What is World Alzheimer’s Day?
World Alzheimer’s Day is an international campaign to raise awareness and highlight issues faced by people affected by dementia. It’s an opportunity for people and organisations to demonstrate how we can overcome these issues and help people live well with dementia.
Globally, dementia is one of the biggest challenges we face, with nearly 50 million people living with dementia worldwide. To tackle this global dementia challenge we all need to work together and to collaborate and share best practice with one another.
What can I do on World Alzheimer’s Day?
This World Alzheimer’s Day Alzheimers society have chosen to challenge stigma and grow the global Dementia Friends movement. You can help by becoming a Dementia Friend, or – if you’re already a Dementia Friend – sharing what it is to be a dementia friend with friends, family and colleagues. Make sure you get involved on #WorldAlzheimersDay conversation on twitter!
What is Dementia?
The word ‘dementia’ describes a set of symptoms that may include memory loss and difficulties with thinking, problem-solving or language. These changes are often small to start with; however they soon become severe enough to affect daily life. A sufferer may also experience changes in their mood or behaviour.
Alzheimer’s disease is the most common cause of dementia, but not the only one. The specific symptoms that someone experiences will depend on the parts of the brain that are damaged and the disease that is causing the dementia.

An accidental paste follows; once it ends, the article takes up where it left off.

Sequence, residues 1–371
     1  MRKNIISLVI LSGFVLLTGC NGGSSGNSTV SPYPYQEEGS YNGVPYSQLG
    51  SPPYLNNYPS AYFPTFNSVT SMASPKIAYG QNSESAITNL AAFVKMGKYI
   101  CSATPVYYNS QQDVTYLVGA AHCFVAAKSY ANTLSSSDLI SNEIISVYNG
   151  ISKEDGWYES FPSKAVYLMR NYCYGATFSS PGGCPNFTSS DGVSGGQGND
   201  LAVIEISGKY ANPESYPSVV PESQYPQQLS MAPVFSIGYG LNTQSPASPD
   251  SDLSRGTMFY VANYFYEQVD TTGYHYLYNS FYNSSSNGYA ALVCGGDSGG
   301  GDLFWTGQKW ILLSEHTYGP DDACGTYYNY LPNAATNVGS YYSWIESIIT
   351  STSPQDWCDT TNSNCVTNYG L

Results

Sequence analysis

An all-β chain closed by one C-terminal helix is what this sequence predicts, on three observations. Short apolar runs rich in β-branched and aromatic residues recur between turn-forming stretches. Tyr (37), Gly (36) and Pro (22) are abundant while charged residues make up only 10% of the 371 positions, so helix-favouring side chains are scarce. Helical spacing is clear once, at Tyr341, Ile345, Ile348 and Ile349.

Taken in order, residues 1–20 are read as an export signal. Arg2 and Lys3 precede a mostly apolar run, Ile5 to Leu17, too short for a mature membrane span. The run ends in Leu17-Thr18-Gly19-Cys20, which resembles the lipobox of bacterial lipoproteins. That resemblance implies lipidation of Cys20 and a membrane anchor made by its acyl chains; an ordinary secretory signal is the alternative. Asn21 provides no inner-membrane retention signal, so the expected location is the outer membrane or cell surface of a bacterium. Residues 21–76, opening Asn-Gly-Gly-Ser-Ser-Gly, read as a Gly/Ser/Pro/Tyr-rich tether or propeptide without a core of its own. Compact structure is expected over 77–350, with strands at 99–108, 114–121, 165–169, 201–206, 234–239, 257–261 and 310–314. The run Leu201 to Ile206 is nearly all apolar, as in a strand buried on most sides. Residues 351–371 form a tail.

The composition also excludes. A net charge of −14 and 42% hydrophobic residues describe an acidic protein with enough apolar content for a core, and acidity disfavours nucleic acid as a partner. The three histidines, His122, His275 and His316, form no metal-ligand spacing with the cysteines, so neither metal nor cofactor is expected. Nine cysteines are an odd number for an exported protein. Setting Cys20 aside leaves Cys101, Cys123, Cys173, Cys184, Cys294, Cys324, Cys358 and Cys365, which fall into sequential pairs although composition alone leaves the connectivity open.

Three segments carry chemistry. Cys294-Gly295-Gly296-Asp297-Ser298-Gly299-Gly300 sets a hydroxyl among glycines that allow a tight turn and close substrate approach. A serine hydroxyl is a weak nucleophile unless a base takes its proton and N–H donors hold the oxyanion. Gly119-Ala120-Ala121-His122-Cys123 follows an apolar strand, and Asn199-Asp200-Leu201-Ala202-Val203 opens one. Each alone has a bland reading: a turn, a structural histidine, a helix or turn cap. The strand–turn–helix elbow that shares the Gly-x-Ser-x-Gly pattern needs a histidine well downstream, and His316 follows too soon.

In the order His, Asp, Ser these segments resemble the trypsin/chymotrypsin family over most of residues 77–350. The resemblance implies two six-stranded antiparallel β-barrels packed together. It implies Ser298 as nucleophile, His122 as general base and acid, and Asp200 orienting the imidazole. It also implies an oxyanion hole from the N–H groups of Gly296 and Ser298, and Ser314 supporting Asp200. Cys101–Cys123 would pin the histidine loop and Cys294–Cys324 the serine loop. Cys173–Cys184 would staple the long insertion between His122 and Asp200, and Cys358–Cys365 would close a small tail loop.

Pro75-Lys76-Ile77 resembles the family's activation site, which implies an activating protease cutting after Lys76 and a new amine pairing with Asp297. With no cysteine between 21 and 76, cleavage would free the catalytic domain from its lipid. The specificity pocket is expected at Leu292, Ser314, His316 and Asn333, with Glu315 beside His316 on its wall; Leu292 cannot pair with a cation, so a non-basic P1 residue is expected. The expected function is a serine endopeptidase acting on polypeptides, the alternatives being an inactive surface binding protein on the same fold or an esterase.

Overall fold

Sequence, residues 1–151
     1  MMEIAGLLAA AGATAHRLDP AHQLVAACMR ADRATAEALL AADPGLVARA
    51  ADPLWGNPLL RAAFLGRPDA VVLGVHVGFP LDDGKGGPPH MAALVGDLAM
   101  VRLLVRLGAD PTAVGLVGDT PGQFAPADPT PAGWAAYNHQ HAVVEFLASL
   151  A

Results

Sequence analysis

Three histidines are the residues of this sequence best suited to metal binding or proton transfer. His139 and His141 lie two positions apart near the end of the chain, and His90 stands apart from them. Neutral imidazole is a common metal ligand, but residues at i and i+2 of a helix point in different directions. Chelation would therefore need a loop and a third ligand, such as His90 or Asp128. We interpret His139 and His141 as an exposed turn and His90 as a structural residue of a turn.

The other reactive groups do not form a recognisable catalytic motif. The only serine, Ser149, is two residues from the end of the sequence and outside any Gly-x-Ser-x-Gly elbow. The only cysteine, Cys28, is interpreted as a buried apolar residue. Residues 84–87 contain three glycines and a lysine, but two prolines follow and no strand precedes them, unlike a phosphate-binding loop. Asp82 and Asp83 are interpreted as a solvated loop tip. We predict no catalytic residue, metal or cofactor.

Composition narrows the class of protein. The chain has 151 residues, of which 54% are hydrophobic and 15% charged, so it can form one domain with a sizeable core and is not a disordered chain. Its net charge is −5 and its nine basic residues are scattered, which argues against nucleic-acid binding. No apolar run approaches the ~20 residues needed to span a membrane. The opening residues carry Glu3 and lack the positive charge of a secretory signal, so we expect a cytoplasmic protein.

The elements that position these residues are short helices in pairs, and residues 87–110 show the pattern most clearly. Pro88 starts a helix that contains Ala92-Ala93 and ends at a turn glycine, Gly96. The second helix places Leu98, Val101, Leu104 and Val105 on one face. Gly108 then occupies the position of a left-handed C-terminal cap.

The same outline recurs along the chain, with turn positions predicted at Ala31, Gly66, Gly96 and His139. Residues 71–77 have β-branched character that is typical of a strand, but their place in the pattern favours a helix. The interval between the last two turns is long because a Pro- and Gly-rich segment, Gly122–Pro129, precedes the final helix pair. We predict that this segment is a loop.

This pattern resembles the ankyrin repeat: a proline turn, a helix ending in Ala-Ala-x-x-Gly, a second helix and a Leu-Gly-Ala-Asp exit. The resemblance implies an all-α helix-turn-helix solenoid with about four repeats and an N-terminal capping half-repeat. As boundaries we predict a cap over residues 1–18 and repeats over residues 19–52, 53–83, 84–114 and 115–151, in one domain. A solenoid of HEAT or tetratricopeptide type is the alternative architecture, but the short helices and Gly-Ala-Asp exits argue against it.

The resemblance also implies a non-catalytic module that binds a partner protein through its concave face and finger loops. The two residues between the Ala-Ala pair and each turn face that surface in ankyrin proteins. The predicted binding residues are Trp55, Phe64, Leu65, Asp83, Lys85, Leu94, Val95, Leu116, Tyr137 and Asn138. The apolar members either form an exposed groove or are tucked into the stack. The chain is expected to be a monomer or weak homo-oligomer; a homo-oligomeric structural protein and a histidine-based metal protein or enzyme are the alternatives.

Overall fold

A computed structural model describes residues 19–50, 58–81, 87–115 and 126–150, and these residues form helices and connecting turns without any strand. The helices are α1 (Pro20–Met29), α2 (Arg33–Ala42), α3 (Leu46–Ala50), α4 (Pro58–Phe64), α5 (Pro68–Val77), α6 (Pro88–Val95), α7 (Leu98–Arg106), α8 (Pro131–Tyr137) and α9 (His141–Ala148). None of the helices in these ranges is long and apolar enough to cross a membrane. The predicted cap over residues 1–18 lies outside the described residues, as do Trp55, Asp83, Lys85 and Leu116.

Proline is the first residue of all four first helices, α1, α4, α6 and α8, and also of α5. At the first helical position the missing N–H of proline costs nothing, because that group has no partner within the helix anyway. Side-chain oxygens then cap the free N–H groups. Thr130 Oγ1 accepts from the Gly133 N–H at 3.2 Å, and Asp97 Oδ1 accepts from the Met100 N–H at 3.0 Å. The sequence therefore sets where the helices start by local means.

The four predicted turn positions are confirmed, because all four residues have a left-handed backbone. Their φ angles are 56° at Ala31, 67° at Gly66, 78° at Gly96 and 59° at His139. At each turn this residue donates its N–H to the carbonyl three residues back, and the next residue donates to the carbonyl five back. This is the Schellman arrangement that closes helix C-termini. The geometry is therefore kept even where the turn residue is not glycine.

A person with dementia will have cognitive symptoms (to do with thinking or memory). They will often have problems with some of the following:
- day-to-day memory – for example, difficulty recalling events that happened recently,
- concentrating, planning or organising – for example, difficulties making decisions, solving problems or carrying out a sequence of tasks (such as cooking a meal),
- language – for example, difficulties following a conversation or finding the right word for something,
- visuospatial skills – for example, problems judging distances (such as on stairs) and seeing objects in three dimensions,
- orientation – for example, losing track of the day or date, or becoming confused about where they are.
Breaking the stigma
Families affected by dementia are facing an illness that’s often frightening and debilitating. They shouldn’t also have to deal with ignorance, thoughtlessness and cruelty from the people around them.
Dementia isn’t a joke – and people affected by it deserve to be treated with understanding and respect.
How we help
As a company who looks after the spending for hundreds of care homes on a daily basis; We fully support ways to improve
the quality of life for sufferers. We are all also dementia friends. If you need to find out more about dementia friends, click here!
We work with the likes of Care shop, Countywide, Andway and Blueleaf who are all specialised in the dementia field. Not only do they supply medical goods, but they supply items such as memory boxes and games.
As part of our offering, we can source food moulds through our furniture and equipment department. A fairly new concept within the UK care home, a silicon food mould will transform a dementia patient’s plate. Making meals more visually pleasing, appetizing and helping residents to dine with dignity. Read more here…
Dementia friendly crockery
Equipment to help support residents with dementia is the perfect way to promote independence. We provide a wide range of tableware that does just this.
“Eating three times a day is something many of us take for granted but just think how difficult mealtimes can be for many people with disabilities; we believe the right tableware can be a relatively simple way to ensure your guests get the nutrition they need as independently and safely as possible”. –Bidvest Catering Equipment.
For prices or further information, email firstname.lastname@example.org